The exciting thing was these harbingers of the spring to come. Both the Bald Cypresses and the Silver Maples were noted to be actively flowering on our visit.
Plant Taxonomy (how do plants get their scientific names) Talk of the Day – As mentioned earlier Boxelder (Acer negundo) is frequently seen in low lying and moist areas (flood planes for example). The genus name Acer tells us that it is in the maple family, although its compound leaf looks nothing like a maple leaf, which are not compound.
Boxelder – in this image, the leaf is comprised of 5 leaflets. A compound leaf always has more than one leaflet. The image below is a single leaf.
Sugar Maple – each leaf is on its own petiole or stem. This photo has six individual leaves, each with their own petiole (stem).
Plants are classified based on their flower and fruiting structures and when you see the seeds of the Boxelder you will indeed see the similarity to the maples. These seeds have the classic “helicopter” form that we associate with the Sugar, Silver, Red, and Norway Maples. The other characteristic of maples that it shares is the opposite branching of the twigs as noted here.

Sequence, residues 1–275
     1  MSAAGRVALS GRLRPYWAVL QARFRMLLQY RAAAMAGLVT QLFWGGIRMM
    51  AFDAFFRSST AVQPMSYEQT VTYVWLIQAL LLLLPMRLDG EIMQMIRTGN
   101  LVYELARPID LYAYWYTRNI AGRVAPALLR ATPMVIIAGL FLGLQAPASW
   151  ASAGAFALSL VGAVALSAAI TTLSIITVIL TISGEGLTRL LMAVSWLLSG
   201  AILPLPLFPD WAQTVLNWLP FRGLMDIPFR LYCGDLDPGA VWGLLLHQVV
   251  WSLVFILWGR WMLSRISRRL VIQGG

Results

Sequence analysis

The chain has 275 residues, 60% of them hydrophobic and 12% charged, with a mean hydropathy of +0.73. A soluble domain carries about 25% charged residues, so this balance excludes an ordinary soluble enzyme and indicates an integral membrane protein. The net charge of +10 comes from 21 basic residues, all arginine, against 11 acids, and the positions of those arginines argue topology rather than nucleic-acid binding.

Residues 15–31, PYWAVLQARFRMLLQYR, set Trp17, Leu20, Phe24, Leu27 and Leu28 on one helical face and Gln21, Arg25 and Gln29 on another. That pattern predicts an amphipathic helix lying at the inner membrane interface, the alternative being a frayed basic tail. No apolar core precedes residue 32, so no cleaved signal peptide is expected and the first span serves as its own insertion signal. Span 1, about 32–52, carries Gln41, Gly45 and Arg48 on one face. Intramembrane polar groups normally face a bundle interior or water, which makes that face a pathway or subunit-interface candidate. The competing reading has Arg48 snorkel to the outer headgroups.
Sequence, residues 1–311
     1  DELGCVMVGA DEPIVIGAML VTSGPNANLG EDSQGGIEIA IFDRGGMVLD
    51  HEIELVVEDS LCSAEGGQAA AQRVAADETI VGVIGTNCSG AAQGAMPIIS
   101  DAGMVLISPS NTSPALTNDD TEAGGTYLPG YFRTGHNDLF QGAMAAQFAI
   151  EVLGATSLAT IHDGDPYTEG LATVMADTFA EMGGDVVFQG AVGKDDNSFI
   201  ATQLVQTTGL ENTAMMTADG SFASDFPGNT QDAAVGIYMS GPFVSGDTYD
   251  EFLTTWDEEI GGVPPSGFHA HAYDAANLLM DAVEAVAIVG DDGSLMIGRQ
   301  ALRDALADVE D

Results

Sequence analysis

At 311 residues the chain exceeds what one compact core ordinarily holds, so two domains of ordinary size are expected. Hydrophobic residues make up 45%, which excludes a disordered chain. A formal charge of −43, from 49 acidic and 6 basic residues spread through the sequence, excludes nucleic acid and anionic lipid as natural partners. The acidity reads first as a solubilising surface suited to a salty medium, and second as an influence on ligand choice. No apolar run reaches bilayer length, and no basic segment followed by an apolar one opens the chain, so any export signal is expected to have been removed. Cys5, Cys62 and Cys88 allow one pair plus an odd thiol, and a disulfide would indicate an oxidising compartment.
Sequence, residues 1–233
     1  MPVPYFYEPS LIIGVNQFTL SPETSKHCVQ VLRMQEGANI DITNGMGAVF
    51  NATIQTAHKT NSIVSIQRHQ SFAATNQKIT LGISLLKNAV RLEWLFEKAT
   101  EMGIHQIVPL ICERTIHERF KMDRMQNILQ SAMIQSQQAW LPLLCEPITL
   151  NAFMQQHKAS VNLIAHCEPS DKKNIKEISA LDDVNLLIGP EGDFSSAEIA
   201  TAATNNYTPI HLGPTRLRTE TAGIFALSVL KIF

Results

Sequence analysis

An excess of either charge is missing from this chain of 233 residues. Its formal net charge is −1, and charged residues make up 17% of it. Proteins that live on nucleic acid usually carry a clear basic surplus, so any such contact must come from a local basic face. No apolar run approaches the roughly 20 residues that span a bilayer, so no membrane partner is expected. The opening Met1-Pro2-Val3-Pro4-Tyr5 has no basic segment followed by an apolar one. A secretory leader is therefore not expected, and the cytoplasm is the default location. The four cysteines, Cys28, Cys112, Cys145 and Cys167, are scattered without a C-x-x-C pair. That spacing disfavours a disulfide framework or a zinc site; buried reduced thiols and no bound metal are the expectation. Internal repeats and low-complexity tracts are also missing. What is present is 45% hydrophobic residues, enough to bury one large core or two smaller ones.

And if you look closely you will notice a green tinge to the twigs at the top and on the right above, and in the photo below, a classic finding of Boxelder.
Boxelders got their name from their use in industry. Due to the intertwining of their wood fibers, they made for a very fibrous and strong wood which was ideal for crates (boxes) made of wood. That same nature make it a poor quality wood for fine woodwork.
In summary, Sycamore Trail at Fernbank Park is one of those facilities that might be taken for granted given the many options one may have for hiking. In fact, that is what happened here. I actually started writing this article in March of 2022 but then got distracted by the excitement of the spring ephemerals that started flowering shortly after this visit and consumed my time and blog writing. But now, in retrospect, as I revisited the unfinished post, I realized the value of the place, and how it did indeed give us a “quick fix” of nature on a late winter day when the weather invited everyone outdoors. The short visit led to some historical research on wicket dams and the barge repair facility. It seems that footpaths can lead you somewhere on foot, but also on a quest for knowledge and understanding.
Photo credits to Peggy Juengling Burns.
Location – 50 Thornton Avenue, Cincinnati, Ohio, just off US 50, about 14 miles from downtown Cincinnati.
Parking – large asphalt lot
Facilities – seasonal indoor restrooms. Portolets in the winter.
Trail Conditions – flat bare dirt and gravel. Overall in good condition. Hiking grade easy.
Benches – Many in the park proper, two on the hiking trail.
Kids – Kids 4 and over should do well here with minimal assistance.
Dogs –Welcomed while on a leash.
Paired Hikes – none